Inflation forecasts: “The December quarter inflation outcome was broadly in line with expectations in the previous Statement. The forecast for underlying inflation is little changed. Underlying inflation is expected to remain low over the forecast period...”

Non-mining business investment: “The outlook is for non-mining business investment to remain subdued in the near term. The ABS capital expenditure survey of firms’ investment intentions and the low level of non-residential building approvals suggest that the profile of nonmining investment will be a bit weaker than earlier”.

Labour market: “Labour market conditions have improved by more than expected at the time of the November Statement. Employment growth was above average over 2015 and the unemployment rate was around ó percentage point lower in the December quarter than earlier anticipated.”

“While employment growth is expected to slow somewhat from the rapid pace seen in the December quarter, it is forecast to remain strong enough to reduce the unemployment rate further. The participation rate is likely to rise further over coming years as individuals are encouraged to enter the labour market as employment opportunities improve.”

Foreign buyers: “ Information from the Bank’s liaison suggests that foreign buyers tend to have longterm motivations for investment and may be relatively unconcerned about temporary fluctuations in housing price growth.”

What is the importance of the economic data?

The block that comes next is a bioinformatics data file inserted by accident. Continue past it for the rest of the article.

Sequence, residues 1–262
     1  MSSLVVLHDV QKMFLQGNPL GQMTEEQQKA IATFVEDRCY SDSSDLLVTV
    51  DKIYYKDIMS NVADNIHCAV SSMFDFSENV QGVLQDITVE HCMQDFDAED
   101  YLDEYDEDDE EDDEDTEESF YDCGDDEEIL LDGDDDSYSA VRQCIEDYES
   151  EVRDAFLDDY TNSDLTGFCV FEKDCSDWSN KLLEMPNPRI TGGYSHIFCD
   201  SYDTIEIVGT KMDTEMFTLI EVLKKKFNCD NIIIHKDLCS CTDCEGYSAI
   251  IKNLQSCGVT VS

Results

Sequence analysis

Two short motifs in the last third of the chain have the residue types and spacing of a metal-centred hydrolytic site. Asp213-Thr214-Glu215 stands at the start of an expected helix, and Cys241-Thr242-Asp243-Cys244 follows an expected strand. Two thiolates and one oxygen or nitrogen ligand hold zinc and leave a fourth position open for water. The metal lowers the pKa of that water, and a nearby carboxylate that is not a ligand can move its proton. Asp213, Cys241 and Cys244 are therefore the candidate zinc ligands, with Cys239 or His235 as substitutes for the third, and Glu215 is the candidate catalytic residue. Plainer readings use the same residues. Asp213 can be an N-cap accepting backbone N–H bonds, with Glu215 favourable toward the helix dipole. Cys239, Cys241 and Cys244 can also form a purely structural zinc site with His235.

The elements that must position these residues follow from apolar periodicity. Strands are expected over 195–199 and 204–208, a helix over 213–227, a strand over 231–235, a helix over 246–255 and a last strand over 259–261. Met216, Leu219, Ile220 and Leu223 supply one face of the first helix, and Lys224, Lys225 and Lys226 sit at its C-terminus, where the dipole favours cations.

The Bureau of Statistics’  Retail trade publication contains the most current readings on the performance of consumer spending. The ABS surveys 500 ‘larger businesses’ and 2,750 ‘smaller businesses’. Retail trade covers spending at a broad range of retail outlets but excludes both petrol and motor vehicle sales. A weak retail trade result may point to a slowing economy as well weighing on the share prices of listed retail stocks. But retail trade estimates can’t be assessed in isolation – it is important to look at the influences determining future trends in consumer spending, such as income, employment and confidence levels.

The Reserve Bank releases its Statement on Monetary Policy each quarter. The Statement is the Reserve Bank’s assessment of economic and financial conditions and also contains the latest inflation views. The Statement is crucial is assessing the short-term outlook for interest rates.

What are the implications for interest rates and investors?

The outlook for retailers remains positive. Lower petrol prices, firm confidence levels, strong home construction and rising employment all serve to boost spending levels. The only area that could instil some hesitancy in the average consumer is the weaker performance of the sharemarket.

The Reserve Bank will closely monitor developments in China and financial markets more generally. Encouragingly the Reserve Bank has plenty of firepower to provide stimulus to the economy. CommSec expects no change in the cash rate over the next year.


Savanth Sebastian is an economist for CommSec